This well-behaved, deciduous vine blooms around May or June with white, yellow-centered flowers followed by strikingly beautiful, orange-red berries on woody vines that twine around supports. It produces the most fruit when sited in full sun and thrives in moist, well-drained soils, although it adapts to nearly any other soil and tolerates part sun, occasional flooding, and drier conditions. It grows at a fast rate up to 20 feet long, spreading over rocks and shrubs or twisting around large structures. In the home landscape, American bittersweet can be used to cover trellises, arbors, fences, walls, or unsightly features. Only large, established shrubs or trees should be used as support. When used as a groundcover, the vine can hide rock piles, tree stumps, or felled trees, providing critical habitat and cover for wildlife. It spreads by root suckers that form colonies or by birds distributing the seeds. Female plants need a male plant nearby to produce fruits.
The showy berries soften over the winter and provide food for birds and small mammals. Although poisonous when eaten by humans, the berries are highly coveted for use in flower arrangements, which has resulted in American bittersweet’s decline in population. Furthermore, non-native Oriental bittersweet has aggressively displaced and hybridized with the native plant, and American bittersweet is on endangered lists in numerous states. The two vines look similar and can be distinguished by the location of the flowers and nuances of the berries--American bittersweet produces flowers only at the ends of the vines, whereas Oriental bittersweet produces flowers all along the stems; and American bittersweet’s fruits tend to be bigger and orangish red, while the non-native's fruits are yellowish orange and arranged along the stem.
Celastrus scandens is the only one of its genus that is native to North America. Scandens means “climbing,” and “bittersweet” comes from Colonial times when the red fruits were compared to the nightshades, whose fruit tasted “bitter and then sweet.” It’s related to other native plants in the Celastraceae, including eastern wahoo, strawberry bush, running strawberry bush, and wintercreeper. It’s also related to the non-native invasive known as burning bush.
Native habitats include woodland or glade edges, and the vine is found clambering up rocky slopes or trees and across thickets or low bushes. Prune in late winter or early spring to control height, and remove low-hanging berries from within reach of children or pets. The legs tend to be bare, so front-facing low perennials are useful for balance and added interest.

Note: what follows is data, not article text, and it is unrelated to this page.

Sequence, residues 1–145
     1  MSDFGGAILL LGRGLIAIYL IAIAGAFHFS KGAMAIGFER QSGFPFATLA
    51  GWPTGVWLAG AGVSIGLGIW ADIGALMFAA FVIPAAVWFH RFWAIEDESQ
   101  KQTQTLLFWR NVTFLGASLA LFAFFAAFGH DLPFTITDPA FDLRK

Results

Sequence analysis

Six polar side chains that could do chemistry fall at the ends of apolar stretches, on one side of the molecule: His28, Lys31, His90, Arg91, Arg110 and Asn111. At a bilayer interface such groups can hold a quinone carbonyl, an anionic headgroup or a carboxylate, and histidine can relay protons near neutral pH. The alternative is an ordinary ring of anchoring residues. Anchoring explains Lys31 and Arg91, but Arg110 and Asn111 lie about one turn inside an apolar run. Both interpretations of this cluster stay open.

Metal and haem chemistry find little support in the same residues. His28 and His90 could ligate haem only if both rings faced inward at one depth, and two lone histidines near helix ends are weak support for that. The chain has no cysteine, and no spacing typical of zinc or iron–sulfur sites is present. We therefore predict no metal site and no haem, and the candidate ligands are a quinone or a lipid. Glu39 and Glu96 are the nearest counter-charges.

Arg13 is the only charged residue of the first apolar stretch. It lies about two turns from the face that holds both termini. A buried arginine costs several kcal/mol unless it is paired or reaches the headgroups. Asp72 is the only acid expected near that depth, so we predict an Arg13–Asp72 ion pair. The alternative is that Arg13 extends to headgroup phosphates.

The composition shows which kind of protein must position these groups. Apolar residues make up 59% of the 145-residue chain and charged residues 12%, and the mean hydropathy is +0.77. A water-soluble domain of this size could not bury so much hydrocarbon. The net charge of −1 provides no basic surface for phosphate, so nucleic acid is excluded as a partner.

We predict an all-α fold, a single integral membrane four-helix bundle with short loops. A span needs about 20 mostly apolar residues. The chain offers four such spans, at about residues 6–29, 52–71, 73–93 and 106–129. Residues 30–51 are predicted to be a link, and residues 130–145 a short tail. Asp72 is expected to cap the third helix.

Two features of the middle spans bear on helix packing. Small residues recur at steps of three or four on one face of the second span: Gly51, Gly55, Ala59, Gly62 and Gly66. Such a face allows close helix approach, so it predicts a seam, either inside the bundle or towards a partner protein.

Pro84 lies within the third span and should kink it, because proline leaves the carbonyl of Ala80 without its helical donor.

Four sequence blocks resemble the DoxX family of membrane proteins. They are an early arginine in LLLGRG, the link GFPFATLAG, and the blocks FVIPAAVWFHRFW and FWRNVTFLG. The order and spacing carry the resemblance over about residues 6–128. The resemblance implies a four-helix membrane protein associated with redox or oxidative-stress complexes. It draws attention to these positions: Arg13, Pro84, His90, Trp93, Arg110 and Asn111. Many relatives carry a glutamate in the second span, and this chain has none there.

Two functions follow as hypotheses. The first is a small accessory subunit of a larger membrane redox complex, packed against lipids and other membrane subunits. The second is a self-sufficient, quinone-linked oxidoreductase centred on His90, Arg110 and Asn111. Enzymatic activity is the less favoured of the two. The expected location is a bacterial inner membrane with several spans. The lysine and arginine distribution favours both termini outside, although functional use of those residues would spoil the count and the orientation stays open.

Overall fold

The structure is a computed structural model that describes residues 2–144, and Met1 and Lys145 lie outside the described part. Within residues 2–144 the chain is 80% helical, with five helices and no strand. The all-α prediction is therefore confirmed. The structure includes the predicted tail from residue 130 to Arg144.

Grows to 20’ tall.
Performs best in full sun, but tolerates part shade.
Prefers moist, sandy, well-drained soils, but adapts to clay and other soils.
Small, greenish-white to yellow flowers are in clusters: males are about 2” long and females are 1 to 1-1/2” long, both with 5 petals and stamens (females have false stamens). Hanging clusters of 6-20 globe-shaped fruits up to 4” long appear July-October. In late October or early November, the now-brown fruit capsules split into 3 sections covered with fleshy red berries that have 1-2 round seeds per section.
Alternate, ovate to oval leaves are 2-4” long with pointed tips and finely serrated margins; the two sides of the leaf tend to fold inward. Upper surface is dark yellowish green, while lower surface is paler.
Stems are green, gray, or brown, and tendrils are absent. Bark is smooth and light brown; older bark peels into thin flakes.
Host plant to 8 species of Lepidoptera larvae, including the ailanthus silk, saddleback caterpillar, zigzag herpetogramma, and variable antepione moths (pictured in this order). One specialist moth species, Zelleria celastrusella, relies exclusively on bittersweet as a host plant. Wild turkeys, ruffed grouses, northern bobwhites, eastern cottontails, and fox squirrels are among the various birds and mammals that feast on the berries in late winter, after repeated freeze-and-thaw cycles have softened them and converted their sugars. Native bees, ants, wasps, and beetles visit for pollen and nectar.
Medicinal, Edible, and Other Uses:
Native Americans and early settlers utilized the berries to calm disturbed people, induce vomiting, treat venereal diseases, and increase urine flow. The bark has been used as a diuretic and as a folk remedy for skin problems, including burns and tumors.
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